David Chardack
David Chardack

While Leo’s will never have trouble retaining the freshmen and sophomores who often purchase larger, more expensive meal plans as part of their mandated procurement, the dining hall’s elimination this year of the 45-block meal plan robs juniors and seniors of flexibility in dining options. They claimed to hear us in their advertising campaigns, but in this case, they weren’t listening.

In the past, upperclassmen, many of whom have their own kitchens available to prepare meals, were able to purchase the small meal plan that cost more per swipe but allowed for stops at O’Donovan Hall between classes or Grab ‘n’ Go for particularly busy days. Trading value for flexibility was a compromise that served the Hilltop well.

While Aramark, the private company that operates Leo’s and Georgetown’s auxiliary food services, must make some of its decisions to help its bottom line, its decision to eliminate its smallest meal plan unduly prohibits those seeking dining flexibility and affordability from finding a plan that works for them.

If the decision were indeed about business, it does not seem to be a very smart one on the part of Aramark. Alienating those upperclassmen threatens to eliminate a part of Leo’s customer base that was reluctant to purchase meal plans in the first place.

Aramark may believe that eliminating smaller plans forces students to rely more heavily on its services, but under this year’s existing options, students must choose between paying for hundreds of dollars’ worth of wasted meals or forgoing Leo’s altogether. For many, that’s an easy choice.

To win back customers only willing to purchase Leo’s smallest block plan, Aramark must better account for the realities of student life and campus dining.


  1. Leo’s is a mess; it has been for a long time. Since a meal plan is mandatory and everyone pays the same amount per entry, those who eat little subsidize those who eat a lot. Since there is no cap on consumption per entry, there is ex ante moral hazard–everyone has an incentive to over-consume. All things things make Leo’s more expensive. Further, a few years back, Leo’s workers unionized for higher wages (and DC also recently raised the minimum wage). The unionization of Leo’s workers is diametrically opposed to students’ financial interests. Leo’s unionizations manifests itself in higher labor costs that are then passed along to the consumer–ie Georgetown students–in one form or another. To compensate for the rise in labor costs, Aramark can charge higher prices per meal or it can eliminate low-number plans and thereby ensuring everyone spends more money. With this change, underclassman will no longer have the 45 option as well, no? I’m sure Aramark calculated that the rise in spending by underclassmen will offset and “drop-outs” by upperclassmen; if not they would not have made this change. It is a mistake see this as a problem with Aramark, which is behaving rationally and normally, and not instead as a problem with the Leo’s labor union and the structure of the entire meal plan system.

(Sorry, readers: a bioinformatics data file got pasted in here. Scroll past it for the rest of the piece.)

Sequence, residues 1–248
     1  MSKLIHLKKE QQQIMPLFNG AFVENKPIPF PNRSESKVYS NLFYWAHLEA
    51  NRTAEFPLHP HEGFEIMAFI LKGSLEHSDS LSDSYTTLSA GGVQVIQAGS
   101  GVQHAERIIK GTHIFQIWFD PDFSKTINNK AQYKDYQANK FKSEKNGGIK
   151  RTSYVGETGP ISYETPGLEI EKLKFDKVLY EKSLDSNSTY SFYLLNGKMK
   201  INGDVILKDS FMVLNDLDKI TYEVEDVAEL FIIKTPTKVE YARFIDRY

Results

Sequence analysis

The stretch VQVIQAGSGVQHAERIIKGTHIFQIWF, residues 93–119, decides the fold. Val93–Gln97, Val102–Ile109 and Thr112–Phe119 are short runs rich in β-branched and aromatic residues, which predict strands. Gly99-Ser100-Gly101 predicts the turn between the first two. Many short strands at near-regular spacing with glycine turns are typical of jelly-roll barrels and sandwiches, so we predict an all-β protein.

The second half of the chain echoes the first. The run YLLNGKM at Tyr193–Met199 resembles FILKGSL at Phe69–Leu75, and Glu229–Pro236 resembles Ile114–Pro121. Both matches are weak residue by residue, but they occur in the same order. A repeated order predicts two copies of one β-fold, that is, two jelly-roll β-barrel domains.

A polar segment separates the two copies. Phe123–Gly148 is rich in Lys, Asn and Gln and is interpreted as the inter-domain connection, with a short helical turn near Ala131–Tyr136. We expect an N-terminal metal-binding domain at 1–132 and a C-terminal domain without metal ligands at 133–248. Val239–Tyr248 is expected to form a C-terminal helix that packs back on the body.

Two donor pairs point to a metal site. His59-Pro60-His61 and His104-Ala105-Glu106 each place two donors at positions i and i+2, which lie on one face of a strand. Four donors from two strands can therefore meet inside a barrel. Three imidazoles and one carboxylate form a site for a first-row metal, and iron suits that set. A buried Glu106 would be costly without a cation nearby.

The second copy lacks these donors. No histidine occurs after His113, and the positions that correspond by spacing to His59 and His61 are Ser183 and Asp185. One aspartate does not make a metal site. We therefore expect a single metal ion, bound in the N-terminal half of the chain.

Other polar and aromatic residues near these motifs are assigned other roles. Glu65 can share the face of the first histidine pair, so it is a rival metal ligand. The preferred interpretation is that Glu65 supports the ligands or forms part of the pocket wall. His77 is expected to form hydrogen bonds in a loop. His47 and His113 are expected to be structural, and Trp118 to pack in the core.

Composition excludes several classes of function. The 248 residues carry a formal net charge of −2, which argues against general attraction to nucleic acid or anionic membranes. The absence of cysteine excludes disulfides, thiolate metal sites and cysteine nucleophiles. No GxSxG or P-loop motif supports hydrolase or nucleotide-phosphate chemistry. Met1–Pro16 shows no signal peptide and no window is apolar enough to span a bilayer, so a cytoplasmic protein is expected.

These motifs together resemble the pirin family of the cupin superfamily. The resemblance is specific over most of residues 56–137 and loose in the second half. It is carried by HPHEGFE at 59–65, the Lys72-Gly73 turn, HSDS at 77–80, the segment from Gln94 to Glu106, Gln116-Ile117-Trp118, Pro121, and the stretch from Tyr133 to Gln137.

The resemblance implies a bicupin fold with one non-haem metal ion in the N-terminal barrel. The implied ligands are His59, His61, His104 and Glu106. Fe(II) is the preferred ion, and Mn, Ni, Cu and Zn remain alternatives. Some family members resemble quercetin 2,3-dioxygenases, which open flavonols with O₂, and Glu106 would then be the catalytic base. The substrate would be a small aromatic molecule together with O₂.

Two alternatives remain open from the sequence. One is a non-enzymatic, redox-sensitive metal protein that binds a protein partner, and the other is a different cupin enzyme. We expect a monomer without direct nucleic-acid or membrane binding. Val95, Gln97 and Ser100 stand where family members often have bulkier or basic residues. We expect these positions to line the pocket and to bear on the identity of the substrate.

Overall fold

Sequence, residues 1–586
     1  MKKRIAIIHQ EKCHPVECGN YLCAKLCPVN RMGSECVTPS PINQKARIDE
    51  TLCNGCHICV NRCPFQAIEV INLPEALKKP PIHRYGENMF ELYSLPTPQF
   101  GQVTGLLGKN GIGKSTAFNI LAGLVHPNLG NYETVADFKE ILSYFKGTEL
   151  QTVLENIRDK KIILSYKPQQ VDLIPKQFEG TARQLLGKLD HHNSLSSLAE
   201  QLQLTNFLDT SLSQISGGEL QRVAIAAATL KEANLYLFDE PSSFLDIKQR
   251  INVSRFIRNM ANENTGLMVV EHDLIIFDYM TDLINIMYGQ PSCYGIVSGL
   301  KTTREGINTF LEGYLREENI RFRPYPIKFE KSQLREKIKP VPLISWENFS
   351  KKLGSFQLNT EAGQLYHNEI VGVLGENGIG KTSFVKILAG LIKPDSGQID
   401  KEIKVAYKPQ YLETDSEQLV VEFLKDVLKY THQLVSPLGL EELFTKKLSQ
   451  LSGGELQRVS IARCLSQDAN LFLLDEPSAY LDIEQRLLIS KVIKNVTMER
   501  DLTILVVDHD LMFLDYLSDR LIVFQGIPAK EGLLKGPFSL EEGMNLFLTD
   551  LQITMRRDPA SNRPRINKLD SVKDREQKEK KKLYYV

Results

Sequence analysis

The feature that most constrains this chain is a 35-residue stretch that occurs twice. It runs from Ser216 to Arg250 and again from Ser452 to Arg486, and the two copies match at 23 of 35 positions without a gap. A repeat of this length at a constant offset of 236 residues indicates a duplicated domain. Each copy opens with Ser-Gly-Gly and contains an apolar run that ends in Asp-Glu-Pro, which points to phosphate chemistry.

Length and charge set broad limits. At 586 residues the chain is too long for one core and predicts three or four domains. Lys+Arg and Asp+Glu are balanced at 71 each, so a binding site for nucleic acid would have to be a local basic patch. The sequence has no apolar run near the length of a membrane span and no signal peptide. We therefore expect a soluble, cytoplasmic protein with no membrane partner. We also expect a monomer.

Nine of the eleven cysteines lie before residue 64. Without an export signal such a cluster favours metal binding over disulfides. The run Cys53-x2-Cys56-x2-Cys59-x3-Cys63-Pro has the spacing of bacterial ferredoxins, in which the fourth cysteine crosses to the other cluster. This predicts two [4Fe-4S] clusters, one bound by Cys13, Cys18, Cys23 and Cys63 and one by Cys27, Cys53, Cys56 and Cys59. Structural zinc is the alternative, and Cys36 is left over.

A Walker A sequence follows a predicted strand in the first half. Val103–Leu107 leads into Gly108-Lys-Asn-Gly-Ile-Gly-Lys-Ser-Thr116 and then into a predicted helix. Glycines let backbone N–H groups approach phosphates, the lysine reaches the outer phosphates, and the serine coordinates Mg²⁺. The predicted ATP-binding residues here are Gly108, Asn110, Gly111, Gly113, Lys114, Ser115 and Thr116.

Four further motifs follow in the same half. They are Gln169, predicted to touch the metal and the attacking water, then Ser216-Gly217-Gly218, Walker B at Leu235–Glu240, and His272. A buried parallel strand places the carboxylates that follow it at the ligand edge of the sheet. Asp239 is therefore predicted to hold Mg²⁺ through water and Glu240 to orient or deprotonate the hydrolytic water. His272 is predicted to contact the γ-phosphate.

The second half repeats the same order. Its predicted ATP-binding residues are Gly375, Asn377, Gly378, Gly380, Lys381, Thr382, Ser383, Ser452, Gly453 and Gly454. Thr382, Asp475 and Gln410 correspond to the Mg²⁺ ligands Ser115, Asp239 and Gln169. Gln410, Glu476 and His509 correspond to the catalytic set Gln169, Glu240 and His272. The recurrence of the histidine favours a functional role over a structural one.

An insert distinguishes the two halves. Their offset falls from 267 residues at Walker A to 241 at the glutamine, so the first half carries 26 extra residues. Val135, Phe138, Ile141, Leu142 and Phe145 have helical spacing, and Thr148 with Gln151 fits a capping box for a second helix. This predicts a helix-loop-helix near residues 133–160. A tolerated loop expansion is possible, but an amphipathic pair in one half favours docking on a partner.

• Two addenda: It is ex-post moral hazard, not ex-ante. My mistake. Secondly, the most egregious part about the Leo’s unionization efforts was that there was a vocal minority of Georgetown students who actively supported and aided the workers’ campaign. They were concerned for Leo’s workers apparently, but not for their fellow students who bore the cost. The effect unionization was that students, both rich and poor, were to ultimately pay more for Leo’s and with no real choice in the matter since half the student population is required to purchase Leo’s.

      • Georgetown’s students are, by in large, well off. The workers at Leo’s are not. The meal plans for low-income students are subsidized. The livelihood of the workers at Leo’s are not. They’re payed bullshit while Aramark nets almost $150 million a year. If you want to talk about the high cost of food at Leo’s, consider the greedy company that supplies the food rather than attacking the most vulnerable.

        • So? Leo’s workers are paid “bullshit” because their labor is worth very little. It requires no serious skill or thinking. Aramark makes profit because they do their job well; they create a lot of value for their customers, who voluntarily compensate them for their work in a market of many similar firms. Leo’s workers, conversely, are very low-skilled and in high supply; their labor can be easily substituted by anyone who has basic physical mobility. It is not as if Aramark is the only employer is DC. No one but Aramark (and by transition Georgetown students) is offering to pay them more given their very low skill-set and small marginal value generation. Those least responsible for their lowly status are those people already employing them. If it is anyone’s responsibility to ensure some X standard of living, should it not be “society’s”, not college students? The federal government has a fairly generous social safety net. If there is some “social responsibility”, why place the burden on Georgetown students?